Death and the Maiden (motif)

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Death and the Maiden (Der Tod und das Mädchen in German) was a common motif in Renaissance art, especially painting and prints in Germany. The usual form shows just two figures, with a young woman being seized by a personification of Death, often shown as a skeleton. Variants may include other figures. It developed from the Danse Macabre with an added erotic subtext. The German artist Hans Baldung depicted it several times.[1]

The motif was revived during the romantic era in the arts, a notable example being Franz Schubert's song "Der Tod und das Mädchen", setting a poem by the German poet Matthias Claudius. Part of the piano part was re-used in Schubert's famous String Quartet No. 14, which is therefore also known by this title, in either English or German.[1]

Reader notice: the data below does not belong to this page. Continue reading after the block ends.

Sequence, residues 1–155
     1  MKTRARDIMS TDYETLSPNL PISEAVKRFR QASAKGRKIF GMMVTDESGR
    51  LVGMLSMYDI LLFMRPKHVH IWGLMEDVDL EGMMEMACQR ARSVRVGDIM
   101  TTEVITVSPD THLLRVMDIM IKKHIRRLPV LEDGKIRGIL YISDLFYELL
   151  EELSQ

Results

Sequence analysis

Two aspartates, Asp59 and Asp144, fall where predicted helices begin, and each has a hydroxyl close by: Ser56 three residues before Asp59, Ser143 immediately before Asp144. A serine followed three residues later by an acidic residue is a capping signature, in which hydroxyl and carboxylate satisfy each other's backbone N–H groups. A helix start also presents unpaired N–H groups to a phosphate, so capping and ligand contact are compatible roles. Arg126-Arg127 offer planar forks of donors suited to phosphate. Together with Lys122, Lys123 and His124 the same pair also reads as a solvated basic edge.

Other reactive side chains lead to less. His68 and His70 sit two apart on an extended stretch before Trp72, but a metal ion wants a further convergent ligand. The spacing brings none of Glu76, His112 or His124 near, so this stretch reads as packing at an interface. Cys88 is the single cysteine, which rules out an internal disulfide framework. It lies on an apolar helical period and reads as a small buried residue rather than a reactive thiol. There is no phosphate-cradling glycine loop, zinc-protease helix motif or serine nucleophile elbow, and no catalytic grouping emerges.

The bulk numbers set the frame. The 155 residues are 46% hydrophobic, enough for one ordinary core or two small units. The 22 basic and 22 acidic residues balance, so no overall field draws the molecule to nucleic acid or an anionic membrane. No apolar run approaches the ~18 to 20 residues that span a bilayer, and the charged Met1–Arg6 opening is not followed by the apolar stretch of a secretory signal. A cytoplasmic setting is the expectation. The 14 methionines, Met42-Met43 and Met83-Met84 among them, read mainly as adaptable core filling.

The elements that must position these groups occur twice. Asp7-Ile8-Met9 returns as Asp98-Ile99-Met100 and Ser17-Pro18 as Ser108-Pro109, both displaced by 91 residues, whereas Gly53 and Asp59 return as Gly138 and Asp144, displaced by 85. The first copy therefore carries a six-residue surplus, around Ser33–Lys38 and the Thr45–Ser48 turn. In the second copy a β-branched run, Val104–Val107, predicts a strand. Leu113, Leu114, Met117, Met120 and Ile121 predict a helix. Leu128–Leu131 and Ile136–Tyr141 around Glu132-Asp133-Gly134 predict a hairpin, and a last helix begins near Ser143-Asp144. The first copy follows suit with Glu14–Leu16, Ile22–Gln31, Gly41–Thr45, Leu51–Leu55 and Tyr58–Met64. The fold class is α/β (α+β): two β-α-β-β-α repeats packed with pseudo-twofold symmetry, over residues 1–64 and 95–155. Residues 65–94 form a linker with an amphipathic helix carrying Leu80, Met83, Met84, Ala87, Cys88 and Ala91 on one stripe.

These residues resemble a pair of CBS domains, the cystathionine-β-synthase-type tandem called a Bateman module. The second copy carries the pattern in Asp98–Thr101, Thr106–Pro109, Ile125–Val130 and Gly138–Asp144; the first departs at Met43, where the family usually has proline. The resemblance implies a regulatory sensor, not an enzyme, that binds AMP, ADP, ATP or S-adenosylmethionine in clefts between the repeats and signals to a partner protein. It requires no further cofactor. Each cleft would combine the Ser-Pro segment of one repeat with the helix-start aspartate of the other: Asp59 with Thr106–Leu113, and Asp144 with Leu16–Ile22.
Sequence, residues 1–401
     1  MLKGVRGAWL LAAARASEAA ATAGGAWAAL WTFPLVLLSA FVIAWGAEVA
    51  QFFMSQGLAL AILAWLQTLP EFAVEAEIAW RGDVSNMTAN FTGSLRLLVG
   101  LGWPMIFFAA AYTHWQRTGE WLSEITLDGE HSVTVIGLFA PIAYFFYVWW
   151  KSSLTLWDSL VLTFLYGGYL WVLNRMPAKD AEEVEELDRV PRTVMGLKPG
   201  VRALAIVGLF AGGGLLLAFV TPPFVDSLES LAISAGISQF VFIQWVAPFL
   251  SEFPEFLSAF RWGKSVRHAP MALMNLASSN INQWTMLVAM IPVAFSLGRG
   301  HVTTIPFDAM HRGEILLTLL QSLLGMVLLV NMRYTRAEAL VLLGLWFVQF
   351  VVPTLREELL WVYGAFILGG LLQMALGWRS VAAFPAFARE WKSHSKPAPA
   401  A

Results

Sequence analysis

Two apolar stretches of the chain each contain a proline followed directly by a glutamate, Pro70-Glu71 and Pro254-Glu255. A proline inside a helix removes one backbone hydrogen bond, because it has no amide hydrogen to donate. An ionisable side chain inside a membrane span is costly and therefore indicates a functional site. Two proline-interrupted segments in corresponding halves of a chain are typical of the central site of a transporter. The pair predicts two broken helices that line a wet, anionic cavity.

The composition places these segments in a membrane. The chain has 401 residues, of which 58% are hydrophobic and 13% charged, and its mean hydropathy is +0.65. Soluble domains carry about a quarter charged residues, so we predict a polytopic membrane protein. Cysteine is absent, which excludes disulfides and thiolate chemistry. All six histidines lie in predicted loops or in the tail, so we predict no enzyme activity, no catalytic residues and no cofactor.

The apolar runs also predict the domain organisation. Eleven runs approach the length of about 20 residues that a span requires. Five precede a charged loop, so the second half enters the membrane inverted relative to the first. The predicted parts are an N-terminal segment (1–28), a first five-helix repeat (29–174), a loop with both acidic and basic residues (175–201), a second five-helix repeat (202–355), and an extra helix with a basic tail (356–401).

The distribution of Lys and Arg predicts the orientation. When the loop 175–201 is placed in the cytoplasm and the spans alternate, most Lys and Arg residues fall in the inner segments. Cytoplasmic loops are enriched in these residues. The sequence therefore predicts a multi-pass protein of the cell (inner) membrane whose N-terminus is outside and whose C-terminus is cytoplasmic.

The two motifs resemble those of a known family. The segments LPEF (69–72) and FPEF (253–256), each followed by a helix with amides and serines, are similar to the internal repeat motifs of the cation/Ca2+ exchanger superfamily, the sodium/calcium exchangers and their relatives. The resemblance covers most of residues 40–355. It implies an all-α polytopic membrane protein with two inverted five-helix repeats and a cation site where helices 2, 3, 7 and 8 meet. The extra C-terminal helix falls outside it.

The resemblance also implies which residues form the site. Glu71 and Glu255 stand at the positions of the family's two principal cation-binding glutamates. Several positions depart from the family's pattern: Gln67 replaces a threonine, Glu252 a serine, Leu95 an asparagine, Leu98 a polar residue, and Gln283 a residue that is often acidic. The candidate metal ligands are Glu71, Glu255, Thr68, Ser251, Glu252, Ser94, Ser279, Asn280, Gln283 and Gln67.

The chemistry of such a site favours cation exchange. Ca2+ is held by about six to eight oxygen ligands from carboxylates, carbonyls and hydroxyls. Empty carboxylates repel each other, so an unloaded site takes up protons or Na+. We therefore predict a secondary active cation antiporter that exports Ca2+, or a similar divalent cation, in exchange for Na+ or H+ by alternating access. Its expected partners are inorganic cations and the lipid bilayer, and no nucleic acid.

Selected versions[edit]

  • Painting: Death and the Maiden (Der Tod und das Mädchen) by Niklaus Manuel Deutsch I (1517)
  • Painting: Death and the Maiden (Der Tod und das Mädchen) by Hans Baldung Grien (1517)
  • Engraving: Death and the Maiden (Døden og Piken) by Edvard Munch (1894)
  • Painting: Death and the Maiden (Der Tod und das Mädchen) by Adolf Hering (1900) - the painting is part of a private collection, the location is unknown.
  • Painting: Death and the Maiden by Marianne Stokes (1900)
  • Painting: Death and the Maiden (Der Tod und das Mädchen) by Egon Schiele (1915)
  • Drawing: Death and the Maiden (Der Tod und das Mädchen) by Clara Siewert (1920s)
  • Drawing: Death and the Maiden (Der Tod und das Mädchen) by Joseph Beuys (1959)

Notes[edit]

  1. ^ a b Le Mort dans l'Art

References[edit]

Media related to Death and the maiden at Wikimedia Commons